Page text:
Lot 749: 1948 Lincoln Continental Convertible
The first series Lincoln Continentals positively exude that mysterious quality we now call ‘star power.’ Based on a special 1939 cabriolet developed by Ford Motor Co. design chief E. T. ‘Bob’ Gregorie for Edsel Ford, the original Continental brought the spirit of European design elegance to an American marque.
Edsel drove his sporty, low-slung custom convertible to Florida for his 1939 winter vacation and returned with orders for 200 copies in hand; assuring production would commence as soon as possible. Debuting as 1940 models, production Continental Cabriolet and Coupe models would be offered during 1940-1942 and, after WW II, from 1946 to 1948.
One of the Continental’s most envied attributes was its rear-mounted, exposed spare tire.
It was a ‘continental’ touch in the European design sense and was widely copied in the aftermarket. ‘Continental Kits’-- that allowed virtually any car owner to attach a spare tire to the rear of his vehicle -- would remain a popular accessory through the 1950s.
In 1951, just three years after the last of the originals were built, the Museum of Modern Art in New York included a first series Continental in its ‘Eight Automobiles’ exhibit of vehicles honored for excellence in design. Collectors adjudged the first Continentals to be Classics early on; a first series Continental would never be just another ‘used car.’
Although widely known and admired, the Continental was in reality an ultra-exclusive car when new. With a list price of around $4,500 for the Cabriolet, only those of truly significant means could hope to acquire one. In fact, total production of first series Cabriolets, including 1940-1942 and 1946-1948 models, would be just 2,277. The subject car is one of only 452 Continental Cabriolets produced for 1948.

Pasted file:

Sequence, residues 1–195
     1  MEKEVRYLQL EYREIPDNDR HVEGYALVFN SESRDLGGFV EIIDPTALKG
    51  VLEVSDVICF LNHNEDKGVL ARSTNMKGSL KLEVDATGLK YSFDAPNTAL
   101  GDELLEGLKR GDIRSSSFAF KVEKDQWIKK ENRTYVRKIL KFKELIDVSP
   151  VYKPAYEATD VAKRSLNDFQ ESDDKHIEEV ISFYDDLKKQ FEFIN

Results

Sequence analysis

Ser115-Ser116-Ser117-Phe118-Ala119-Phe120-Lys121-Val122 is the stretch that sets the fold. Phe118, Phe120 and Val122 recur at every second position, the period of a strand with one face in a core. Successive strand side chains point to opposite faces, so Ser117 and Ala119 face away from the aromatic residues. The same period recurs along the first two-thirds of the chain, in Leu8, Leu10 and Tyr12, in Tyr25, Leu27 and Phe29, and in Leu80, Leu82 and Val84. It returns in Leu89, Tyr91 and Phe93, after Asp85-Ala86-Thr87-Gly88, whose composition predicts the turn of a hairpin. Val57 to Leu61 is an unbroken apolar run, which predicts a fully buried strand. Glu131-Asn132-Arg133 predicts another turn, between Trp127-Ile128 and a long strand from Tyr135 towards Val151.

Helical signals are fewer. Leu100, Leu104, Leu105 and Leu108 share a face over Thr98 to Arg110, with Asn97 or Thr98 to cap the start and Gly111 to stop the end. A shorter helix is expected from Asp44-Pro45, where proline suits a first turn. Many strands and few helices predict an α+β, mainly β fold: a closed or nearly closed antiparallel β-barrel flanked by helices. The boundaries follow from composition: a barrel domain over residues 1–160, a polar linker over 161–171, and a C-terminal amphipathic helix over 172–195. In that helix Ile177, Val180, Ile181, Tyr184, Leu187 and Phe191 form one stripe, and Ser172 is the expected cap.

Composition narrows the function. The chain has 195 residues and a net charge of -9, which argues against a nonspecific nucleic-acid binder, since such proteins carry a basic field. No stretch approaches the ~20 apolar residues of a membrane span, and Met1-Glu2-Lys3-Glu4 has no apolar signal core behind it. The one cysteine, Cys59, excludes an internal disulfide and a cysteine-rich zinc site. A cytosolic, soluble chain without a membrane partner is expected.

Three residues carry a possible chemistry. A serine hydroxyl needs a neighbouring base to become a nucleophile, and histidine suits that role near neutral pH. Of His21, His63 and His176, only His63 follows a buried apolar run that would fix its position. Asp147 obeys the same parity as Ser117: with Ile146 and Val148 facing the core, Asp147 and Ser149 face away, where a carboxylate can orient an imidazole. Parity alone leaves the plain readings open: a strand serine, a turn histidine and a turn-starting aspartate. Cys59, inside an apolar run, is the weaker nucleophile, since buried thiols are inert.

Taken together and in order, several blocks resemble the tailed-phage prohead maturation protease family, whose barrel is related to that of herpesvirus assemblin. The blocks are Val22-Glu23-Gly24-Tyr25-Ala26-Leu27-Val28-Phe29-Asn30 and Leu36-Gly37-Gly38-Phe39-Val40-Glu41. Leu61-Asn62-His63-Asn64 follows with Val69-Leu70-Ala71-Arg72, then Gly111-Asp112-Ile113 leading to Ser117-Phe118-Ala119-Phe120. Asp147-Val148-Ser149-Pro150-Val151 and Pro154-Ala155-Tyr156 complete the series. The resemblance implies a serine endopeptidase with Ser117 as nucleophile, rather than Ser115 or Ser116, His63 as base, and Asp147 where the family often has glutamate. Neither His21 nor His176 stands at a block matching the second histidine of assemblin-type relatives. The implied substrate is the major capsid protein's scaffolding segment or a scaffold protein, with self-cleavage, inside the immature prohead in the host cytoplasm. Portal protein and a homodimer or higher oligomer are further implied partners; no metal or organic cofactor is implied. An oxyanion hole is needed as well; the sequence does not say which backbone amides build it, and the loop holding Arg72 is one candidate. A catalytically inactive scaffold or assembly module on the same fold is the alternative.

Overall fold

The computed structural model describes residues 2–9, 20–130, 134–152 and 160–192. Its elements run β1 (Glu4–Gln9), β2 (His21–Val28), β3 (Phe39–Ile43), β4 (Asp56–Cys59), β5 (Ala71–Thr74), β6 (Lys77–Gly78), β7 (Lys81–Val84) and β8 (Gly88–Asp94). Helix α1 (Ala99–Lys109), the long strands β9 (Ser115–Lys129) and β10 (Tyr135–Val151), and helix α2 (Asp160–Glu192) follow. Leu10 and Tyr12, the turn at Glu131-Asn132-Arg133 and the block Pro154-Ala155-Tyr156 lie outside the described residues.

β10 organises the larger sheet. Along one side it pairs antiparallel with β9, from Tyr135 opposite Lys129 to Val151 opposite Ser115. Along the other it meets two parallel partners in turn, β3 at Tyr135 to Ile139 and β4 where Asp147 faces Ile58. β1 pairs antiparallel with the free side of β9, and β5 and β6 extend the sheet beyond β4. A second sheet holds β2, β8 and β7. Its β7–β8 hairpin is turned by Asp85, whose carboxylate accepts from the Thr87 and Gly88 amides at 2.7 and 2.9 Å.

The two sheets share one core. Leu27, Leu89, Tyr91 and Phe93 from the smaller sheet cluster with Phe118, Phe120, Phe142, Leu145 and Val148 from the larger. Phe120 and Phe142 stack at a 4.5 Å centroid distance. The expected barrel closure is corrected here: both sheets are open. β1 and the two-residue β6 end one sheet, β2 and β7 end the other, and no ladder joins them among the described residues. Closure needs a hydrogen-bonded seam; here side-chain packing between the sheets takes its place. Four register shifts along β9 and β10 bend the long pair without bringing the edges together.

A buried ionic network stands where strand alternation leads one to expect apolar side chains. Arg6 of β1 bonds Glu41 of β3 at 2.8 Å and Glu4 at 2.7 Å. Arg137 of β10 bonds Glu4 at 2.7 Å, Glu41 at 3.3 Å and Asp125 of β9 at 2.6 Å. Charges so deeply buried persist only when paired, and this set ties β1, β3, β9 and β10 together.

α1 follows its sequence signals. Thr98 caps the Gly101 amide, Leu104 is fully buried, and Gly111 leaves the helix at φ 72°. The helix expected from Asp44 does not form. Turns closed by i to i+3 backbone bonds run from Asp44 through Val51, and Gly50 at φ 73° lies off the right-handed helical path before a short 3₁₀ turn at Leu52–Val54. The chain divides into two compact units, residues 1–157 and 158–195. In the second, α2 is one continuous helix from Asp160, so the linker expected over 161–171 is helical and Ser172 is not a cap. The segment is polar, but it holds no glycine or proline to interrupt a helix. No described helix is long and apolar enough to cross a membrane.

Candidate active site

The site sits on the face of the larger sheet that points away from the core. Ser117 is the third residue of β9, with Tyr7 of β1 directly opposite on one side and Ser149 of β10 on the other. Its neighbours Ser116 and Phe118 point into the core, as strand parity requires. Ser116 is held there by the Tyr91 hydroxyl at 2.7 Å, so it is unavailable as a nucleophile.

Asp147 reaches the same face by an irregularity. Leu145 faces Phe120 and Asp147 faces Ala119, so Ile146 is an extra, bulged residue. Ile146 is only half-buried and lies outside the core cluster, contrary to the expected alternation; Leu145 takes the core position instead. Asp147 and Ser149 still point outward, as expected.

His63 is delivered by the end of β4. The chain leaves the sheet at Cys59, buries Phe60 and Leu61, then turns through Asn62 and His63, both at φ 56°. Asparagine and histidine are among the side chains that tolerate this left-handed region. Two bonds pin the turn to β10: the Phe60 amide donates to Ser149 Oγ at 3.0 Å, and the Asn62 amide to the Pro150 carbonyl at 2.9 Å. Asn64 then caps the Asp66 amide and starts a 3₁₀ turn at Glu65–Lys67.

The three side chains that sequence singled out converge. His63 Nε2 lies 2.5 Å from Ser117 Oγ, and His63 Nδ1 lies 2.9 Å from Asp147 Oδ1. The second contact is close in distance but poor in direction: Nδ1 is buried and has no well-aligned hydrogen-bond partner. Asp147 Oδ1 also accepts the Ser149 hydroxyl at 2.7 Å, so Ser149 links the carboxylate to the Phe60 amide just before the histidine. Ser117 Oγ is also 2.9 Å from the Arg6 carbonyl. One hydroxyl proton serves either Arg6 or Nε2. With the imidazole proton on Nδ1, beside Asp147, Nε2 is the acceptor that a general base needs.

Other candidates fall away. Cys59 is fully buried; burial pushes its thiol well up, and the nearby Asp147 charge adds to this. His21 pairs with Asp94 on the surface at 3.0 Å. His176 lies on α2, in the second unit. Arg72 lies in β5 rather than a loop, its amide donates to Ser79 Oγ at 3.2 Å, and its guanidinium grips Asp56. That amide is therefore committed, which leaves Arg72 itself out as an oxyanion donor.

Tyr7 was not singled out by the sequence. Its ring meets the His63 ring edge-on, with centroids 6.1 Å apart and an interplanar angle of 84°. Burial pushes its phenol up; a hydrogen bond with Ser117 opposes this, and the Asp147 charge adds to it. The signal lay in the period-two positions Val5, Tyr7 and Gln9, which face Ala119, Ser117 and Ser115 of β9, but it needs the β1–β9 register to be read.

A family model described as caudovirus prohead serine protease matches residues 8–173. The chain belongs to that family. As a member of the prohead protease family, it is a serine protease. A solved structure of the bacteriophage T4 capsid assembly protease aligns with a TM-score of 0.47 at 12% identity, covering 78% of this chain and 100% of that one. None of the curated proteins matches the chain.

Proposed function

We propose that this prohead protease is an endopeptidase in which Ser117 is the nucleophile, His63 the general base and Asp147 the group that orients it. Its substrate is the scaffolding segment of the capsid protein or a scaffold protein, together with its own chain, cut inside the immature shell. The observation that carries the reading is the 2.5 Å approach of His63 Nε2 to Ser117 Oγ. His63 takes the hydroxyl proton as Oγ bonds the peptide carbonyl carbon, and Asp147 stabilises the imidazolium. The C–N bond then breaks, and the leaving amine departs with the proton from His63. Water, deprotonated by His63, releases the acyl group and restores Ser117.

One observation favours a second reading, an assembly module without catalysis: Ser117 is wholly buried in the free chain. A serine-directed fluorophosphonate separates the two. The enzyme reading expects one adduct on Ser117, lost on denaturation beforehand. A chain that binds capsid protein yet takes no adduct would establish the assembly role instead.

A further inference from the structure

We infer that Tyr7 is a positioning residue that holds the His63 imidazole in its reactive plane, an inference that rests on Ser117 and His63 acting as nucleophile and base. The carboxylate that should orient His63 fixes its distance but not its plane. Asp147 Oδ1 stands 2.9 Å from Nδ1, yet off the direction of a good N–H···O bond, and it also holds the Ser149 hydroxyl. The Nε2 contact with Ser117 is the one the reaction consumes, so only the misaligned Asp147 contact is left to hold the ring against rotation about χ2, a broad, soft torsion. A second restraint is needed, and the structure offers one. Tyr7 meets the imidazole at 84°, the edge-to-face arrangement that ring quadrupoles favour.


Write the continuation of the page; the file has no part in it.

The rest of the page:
The 1946-48 Lincoln was the only post-WWII American car to be produced with a V-12 engine. The 292 cid L-head twelve, essentially the same as the pre-war engine, was rated at 120hp.
When the new 1949 Lincolns appeared early in April 1948 there was no new Continental model. Of course, Ford would eventually respond to lingering demand with the Continental Mark II of 1956-57, which was a wonderful car in its own right.
The 1940-41 Continentals shared the pointed prow and curvaceous fenders of the streamlined Lincoln-Zephyr on which they were based. The 1942 Continentals shared new, more squared fenders and a redesigned frontal appearance with Lincolns of that year. The1946 models that followed after WWII had new, bolder grillwork, providing more presence on the road, Interestingly, designers of the 2007 Lincoln Navigator obviously drew inspiration from the postwar Lincoln Continental; the wide lower portion of the new Navigator grille, with its inset round parking lamps, is especially evocative of the 1946-48 Continental design.
One of the most recognized American cars of any era, any first generation Lincoln
Continental will always stir the pulse of those who appreciate elegance of form in automotive design and the 1948 Cabriolet offered is an especially alluring example.
An Important Sale Of Collectors MotorCars|
Bonhams & Butterfields, Massachusetts
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